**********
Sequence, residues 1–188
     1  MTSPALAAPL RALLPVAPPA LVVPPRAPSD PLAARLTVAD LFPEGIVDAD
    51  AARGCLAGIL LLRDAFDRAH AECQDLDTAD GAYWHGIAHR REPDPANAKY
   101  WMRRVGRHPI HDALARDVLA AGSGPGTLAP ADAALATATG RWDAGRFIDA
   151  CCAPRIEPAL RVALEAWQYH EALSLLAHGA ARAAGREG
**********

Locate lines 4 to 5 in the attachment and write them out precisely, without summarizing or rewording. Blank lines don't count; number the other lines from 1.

   101  WMRRVGRHPI HDALARDVLA AGSGPGTLAP ADAALATATG RWDAGRFIDA
   151  CCAPRIEPAL RVALEAWQYH EALSLLAHGA ARAAGREG